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I was doing a bit of reading on searun cutthroat trout this morning and came across this statement; "The Sea-Run Cuttthroat is known for its aggressive behavior towards a properly presented fly." This caused me to consider what is a properly presented fly for cutthroat? I have tossed flies upstream, downstream, swung 'em, dead drifted 'em, fished dries, wet, you name it and caught cutts on every one. Even hooked up a few times with a fly an inch or two in the water dangling from my rod while I searched my fly box for a different pattern. Is that even a presentation? So what is a properly presented fly?
 

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Now hanging at the other, better new place
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I was doing a bit of reading on searun cutthroat trout this morning and came across this statement; "The Sea-Run Cuttthroat is known for its aggressive behavior towards a properly presented fly." This caused me to consider what is a properly presented fly for cutthroat? I have tossed flies upstream, downstream, swung 'em, dead drifted 'em, fished dries, wet, you name it and caught cutts on every one. Even hooked up a few times with a fly an inch or two in the water dangling from my rod while I searched my fly box for a different pattern. Is that even a presentation? So what is a properly presented fly?
One that elicits a take? So it's a self-fulfilling prophesy.
 

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I've always read that sort of stuff as "properly presented for the environment you are in and fly you are using" rather than "there is one way".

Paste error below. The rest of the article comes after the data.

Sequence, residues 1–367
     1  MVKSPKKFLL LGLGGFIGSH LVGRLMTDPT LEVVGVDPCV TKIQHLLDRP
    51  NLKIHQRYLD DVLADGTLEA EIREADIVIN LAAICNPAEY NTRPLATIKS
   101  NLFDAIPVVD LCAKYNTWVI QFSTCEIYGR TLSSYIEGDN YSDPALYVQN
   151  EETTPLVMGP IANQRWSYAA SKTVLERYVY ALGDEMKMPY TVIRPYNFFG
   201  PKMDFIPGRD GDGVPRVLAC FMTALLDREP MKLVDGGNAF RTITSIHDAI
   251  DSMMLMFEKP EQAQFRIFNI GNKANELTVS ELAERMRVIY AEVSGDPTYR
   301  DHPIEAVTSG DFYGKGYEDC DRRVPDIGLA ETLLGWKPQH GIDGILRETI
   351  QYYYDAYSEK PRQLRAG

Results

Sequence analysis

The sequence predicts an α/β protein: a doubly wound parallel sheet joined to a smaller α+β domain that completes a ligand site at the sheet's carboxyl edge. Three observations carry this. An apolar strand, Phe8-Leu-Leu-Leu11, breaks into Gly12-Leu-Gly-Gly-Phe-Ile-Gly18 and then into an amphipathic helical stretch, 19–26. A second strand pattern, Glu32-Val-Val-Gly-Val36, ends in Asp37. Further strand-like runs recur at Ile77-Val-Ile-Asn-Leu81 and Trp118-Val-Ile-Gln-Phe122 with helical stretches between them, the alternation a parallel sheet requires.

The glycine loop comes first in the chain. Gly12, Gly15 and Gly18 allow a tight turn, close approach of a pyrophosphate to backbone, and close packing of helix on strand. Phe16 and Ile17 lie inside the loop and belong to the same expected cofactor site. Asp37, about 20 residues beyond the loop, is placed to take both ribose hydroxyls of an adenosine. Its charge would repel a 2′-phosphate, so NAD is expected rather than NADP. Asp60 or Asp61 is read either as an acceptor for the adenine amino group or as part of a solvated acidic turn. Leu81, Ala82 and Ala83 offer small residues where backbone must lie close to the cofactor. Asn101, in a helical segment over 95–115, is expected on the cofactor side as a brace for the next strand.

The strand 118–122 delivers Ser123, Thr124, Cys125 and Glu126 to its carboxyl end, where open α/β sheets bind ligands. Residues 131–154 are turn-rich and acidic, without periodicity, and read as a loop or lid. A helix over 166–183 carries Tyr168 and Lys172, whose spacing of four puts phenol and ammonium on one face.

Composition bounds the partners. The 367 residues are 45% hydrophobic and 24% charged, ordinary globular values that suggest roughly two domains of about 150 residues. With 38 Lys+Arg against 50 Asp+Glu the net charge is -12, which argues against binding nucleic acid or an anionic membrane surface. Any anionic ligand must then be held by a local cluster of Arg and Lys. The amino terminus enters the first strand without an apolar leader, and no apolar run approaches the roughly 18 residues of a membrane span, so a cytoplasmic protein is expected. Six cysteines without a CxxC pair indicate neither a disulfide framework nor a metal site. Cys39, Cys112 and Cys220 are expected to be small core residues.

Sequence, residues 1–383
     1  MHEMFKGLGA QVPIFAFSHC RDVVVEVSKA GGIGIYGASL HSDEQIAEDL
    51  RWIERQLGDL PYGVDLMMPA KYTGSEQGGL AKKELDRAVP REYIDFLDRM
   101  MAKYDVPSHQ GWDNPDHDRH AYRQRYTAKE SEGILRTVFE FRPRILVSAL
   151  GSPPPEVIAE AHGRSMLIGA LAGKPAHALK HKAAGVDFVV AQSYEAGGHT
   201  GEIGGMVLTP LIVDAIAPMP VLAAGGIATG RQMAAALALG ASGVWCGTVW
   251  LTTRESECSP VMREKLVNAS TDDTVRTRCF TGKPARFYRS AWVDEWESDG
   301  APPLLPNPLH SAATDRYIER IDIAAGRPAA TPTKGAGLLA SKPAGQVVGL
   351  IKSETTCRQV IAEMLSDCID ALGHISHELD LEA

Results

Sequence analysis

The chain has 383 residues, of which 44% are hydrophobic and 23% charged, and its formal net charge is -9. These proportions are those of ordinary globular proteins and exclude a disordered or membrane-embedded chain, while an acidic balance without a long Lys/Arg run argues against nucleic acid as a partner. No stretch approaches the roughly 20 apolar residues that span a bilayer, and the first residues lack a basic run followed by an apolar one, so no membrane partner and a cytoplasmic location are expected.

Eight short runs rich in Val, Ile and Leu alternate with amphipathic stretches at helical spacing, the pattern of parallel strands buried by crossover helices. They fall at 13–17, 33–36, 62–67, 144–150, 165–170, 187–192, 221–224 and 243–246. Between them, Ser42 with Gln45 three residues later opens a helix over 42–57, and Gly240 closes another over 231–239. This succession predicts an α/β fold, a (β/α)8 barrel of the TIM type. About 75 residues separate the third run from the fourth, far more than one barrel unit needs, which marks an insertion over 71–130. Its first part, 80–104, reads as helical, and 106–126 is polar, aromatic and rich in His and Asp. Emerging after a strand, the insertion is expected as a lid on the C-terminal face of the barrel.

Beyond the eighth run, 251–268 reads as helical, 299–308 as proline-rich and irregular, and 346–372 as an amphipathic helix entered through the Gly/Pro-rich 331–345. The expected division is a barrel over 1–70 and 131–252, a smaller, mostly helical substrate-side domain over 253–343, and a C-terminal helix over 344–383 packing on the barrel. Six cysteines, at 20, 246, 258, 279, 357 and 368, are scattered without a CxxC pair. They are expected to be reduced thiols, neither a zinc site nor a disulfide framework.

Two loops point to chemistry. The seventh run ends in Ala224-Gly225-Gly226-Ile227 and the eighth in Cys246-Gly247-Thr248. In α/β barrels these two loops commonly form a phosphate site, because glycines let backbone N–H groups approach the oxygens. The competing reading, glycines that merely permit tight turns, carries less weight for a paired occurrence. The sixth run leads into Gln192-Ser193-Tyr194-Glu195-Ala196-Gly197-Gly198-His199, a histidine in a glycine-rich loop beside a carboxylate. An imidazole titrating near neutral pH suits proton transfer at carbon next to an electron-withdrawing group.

But I'm with you generally. That phrase does come off as overly vague and somewhat pompous.
 

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So what is a properly presented fly?
I believe you've covered it. That's also why there are so many patterns for SRC. They all work. If it looks like food, they eat it. One of their favorite foods is clam necks, attached to a clam. Match that presentation. I know a guide (sponsor on this forum) who caught one on a toothpick skated across the surface with a hook attached by a rubber band. It's called Topwater Pine Float.
 

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I once dropped a clear flybox in the water at a beach. As it bobbed on top of the water a couple of small fish hit the box, presumably seeing the flies through the lid.
Took my 5 yo daughter out to a pond last week and caught several bluegills and bass. There were several times where the bluegills kept eating my tippet knots and ignoring the fly. And we all have had nice fish eat a yarn indicator. I've only caught 3 salmon on a fly despite many hours of specifically targeting them. One of the 3 was a 31" 15# chinook that took my bead head birds nest that was dangling 15' below me in the current while I was looking for a different fly to try. He hit it hard and was hooked just inside the corner of the mouth like a little trout. At first I thought it was going to be a big steelhead by the way it purposely slammed it. Things like these make you laugh at yourself for thinking you know so much about these fish.
 

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I've only caught one maybe searun cutt. It was on the Skagit in about '94, I was steelface fishing. A properly presented fly to me lands about 10 yards upstream of where I'm hoping a steelface might lay.
 
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